Add the garlic. Continue to cook until you smell the aroma of garlic, about one minute.
Add the dry spices: chili powder, cumin, Mexican oregano, cayenne, crushed red chili peppers, and cinnamon. Stir all the spices together and heat until you can smell the spices, 1-2 minutes max. (Adding the spices this way intensifies their flavors.)
Dump everything else into the pot: diced tomatoes, whole tomatoes, dark red kidney beans. Add 2-3 cups of liquid: beef or chicken stock or just plain water if you don’t have stock in the pantry. Stir and bring to a simmer. Turn down the heat to continue the simmer. Cover with the lid not quite covering the pot so steam is able to escape.
After 45-60 minutes, your chili is ready! See how much liquid was evaporated?
Ladle generous portions into deep bowls and add your toppings: Monterey jack or cheddar cheese, sour cream, guacamole, additional finely diced hot peppers, finely diced sweet yellow onion.
On this particular night, I had some leftover tostada shells and we used them to break into our bowls instead of crackers.
- I think chili is one of the first dishes beginning cooks learn to make. It’s easy. The ingredients are inexpensive. Everyone enjoys a hearty bowl.
- Serve with peanut butter sandwiches or cornbread.
- Don’t be afraid to mix up the ingredients. You can add corn. Use canned pinto beans, light red kidney beans, or black beans.
- Try a can of beer in place of some of the stock/water. If so, you’ll want to add the beer to meat/spice mixture before you add tomatoes, beans, etc. Let it cook a bit after adding to burn off some of the alcohol.
- Cinnamon is uncommonly used in chili unless you’re in Cincinnati. Just 1/8 to 1/4 teaspoon is all you’ll need. Cinnamon evens out the flavors.
- If you need to thicken your chili, add a Tablespoon of cornmeal stirred into 1/4 cup of water. Add to the chili after the cooking is finished and stir to incorporate.
I would love to know how you make your chili special! What tips and tricks do you have up your sleeve?
- 2 pounds lean ground beef or ground turkey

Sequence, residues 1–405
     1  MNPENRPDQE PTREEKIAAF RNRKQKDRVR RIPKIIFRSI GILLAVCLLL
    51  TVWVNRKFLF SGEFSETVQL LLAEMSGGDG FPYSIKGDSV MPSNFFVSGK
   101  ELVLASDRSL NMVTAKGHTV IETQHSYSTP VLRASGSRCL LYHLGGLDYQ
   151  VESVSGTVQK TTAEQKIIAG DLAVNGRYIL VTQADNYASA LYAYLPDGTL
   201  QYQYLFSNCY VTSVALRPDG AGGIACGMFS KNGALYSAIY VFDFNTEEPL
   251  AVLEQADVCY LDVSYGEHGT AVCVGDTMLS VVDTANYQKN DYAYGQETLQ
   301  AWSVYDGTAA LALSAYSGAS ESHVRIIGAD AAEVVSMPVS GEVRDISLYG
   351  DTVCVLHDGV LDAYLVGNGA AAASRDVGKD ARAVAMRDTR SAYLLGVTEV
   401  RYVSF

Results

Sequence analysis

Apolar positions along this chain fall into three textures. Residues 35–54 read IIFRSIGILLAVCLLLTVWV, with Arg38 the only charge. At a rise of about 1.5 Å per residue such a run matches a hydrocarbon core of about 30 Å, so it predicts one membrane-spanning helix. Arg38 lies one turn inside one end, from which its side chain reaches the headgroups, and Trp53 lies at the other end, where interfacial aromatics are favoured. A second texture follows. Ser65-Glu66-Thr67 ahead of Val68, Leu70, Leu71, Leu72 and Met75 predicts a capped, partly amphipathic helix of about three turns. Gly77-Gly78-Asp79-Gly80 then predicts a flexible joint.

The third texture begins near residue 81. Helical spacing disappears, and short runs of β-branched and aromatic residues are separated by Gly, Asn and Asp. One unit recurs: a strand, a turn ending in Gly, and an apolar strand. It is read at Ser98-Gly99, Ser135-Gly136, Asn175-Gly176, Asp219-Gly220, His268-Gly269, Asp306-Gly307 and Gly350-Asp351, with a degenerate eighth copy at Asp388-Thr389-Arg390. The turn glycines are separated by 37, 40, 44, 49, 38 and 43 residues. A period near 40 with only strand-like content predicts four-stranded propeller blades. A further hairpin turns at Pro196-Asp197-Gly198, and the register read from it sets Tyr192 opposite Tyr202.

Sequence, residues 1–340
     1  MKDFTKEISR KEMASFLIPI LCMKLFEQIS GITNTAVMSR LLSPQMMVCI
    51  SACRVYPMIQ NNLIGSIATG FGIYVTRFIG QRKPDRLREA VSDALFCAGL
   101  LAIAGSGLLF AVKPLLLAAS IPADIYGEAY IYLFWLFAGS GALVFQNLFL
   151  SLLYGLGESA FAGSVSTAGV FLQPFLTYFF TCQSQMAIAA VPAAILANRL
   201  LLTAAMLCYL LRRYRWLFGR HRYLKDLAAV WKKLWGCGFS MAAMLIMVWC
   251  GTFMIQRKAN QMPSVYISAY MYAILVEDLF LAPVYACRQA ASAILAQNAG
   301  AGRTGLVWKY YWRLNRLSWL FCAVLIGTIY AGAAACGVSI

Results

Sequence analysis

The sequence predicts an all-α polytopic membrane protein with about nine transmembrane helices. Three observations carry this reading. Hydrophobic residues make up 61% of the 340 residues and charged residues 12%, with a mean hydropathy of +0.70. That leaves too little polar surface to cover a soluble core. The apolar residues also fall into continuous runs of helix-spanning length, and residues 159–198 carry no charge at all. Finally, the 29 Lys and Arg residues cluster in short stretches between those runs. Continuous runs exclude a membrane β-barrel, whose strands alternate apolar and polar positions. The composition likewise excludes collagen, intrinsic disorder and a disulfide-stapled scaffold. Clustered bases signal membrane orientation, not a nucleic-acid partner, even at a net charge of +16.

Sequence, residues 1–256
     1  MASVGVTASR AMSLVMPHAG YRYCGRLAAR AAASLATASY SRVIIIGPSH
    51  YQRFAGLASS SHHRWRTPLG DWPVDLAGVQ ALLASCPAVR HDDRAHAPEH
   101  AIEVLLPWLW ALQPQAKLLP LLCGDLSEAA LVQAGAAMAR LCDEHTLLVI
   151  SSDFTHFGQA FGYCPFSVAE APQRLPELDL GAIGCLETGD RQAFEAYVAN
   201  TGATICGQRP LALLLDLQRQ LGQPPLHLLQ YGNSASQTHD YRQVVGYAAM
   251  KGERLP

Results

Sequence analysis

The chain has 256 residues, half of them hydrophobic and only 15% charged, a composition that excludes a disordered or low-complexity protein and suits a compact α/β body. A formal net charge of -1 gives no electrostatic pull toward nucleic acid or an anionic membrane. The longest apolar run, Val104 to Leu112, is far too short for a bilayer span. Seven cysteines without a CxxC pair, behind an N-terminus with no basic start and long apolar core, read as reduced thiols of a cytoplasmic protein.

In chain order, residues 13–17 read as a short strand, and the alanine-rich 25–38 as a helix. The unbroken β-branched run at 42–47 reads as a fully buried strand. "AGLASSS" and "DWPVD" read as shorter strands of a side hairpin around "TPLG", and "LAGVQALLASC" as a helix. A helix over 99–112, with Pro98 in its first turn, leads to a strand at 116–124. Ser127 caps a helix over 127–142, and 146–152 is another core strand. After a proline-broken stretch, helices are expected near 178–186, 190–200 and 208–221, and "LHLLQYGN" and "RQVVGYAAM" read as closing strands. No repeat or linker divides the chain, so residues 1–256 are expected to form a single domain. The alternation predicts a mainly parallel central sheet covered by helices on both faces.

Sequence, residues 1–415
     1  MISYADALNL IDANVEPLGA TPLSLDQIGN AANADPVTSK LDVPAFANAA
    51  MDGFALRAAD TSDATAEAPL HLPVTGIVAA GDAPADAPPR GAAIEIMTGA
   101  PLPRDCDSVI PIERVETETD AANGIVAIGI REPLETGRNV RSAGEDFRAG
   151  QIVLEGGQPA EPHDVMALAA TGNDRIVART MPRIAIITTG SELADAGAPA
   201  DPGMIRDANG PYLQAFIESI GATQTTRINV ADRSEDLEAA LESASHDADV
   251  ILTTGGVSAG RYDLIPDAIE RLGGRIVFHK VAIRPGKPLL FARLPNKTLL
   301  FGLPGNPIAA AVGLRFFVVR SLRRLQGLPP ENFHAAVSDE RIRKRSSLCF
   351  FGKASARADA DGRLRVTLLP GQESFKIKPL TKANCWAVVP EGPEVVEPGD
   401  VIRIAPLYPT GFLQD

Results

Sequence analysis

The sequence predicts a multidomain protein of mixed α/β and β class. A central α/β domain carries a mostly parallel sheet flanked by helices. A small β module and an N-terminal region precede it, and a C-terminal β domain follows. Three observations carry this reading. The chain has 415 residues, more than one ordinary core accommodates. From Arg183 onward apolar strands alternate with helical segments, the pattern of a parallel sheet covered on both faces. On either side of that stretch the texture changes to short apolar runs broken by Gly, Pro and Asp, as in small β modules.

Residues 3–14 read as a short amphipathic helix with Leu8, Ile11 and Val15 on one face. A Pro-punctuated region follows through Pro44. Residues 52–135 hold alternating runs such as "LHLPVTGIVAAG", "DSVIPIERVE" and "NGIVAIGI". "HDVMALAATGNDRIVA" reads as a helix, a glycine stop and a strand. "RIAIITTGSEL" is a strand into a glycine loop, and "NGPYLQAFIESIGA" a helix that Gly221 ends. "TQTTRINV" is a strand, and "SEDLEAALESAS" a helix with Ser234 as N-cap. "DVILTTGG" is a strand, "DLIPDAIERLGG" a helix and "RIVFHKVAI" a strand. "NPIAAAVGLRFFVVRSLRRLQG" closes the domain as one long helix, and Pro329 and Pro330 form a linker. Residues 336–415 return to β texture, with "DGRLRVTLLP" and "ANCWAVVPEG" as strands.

- 1-15oz can of dark red kidney beans drained, or pinto, light red, or black beans, drained
- 2-14oz cans fire-roasted diced tomatoes.
- 1-28oz can whole tomatoes
- 2-3 cups of beef or chicken stock, or water, or a combination
- 1 large sweet yellow onion, diced
- 1-2 jalapeno peppers, finely diced or 1-2 serrano peppers, finely diced
- 2 cloves garlic, minced
- 4 Tablespoons chili powder
- 1 Tablespoon cumin
- 2 teaspoons Mexican oregano
- 2 teaspoons salt
- 1 teaspoon ground black pepper
- 1/2 teaspoon ground cayenne pepper
- 1 teaspoon paprika
- 1/8 to 1/4 teaspoon cinnamon
- 1/2 teaspoon crushed red pepper flakes
- [u][b]Options to replace jalapenos and/or serranos[/b][/u]
- 1 green or red pepper, diced
- 1 stalk celery, diced
- Over medium-high heat, add 1 Tablespoon cooking oil into a heavy 6-quart dutch oven
- Add ground meat. Brown until there is no pink visible.
- While the meat is cooking, chop onion, mince garlic, dice peppers. Set aside.
- Measure dry spices into a small bowl. Set aside.
- When the meat is ready, add chopped onion and hot peppers. (Add green or red pepper and celery if using.) Stir and continue to cook until the vegetables are softened.
- Add minced garlic and cook until fragrant, one minute.
- Add dry spices, stir to distribute and cook until fragrant, 1-2 minutes max.
- Add all the tomatoes, beans and stock &/or water. Stir to distribute.
- Bring the chili to a simmer. Cover the pot, but not completely so steam escapes and thickens the chili.
- Turn down the heat. Simmer for 45-60 minutes.
- Check for seasoning. Add 1-2 shakes of Tobasco sauce, if using.
- Serve with peanut butter sandwiches or cornbread.
- This chili can also be served over cooked macaroni or cooked rice.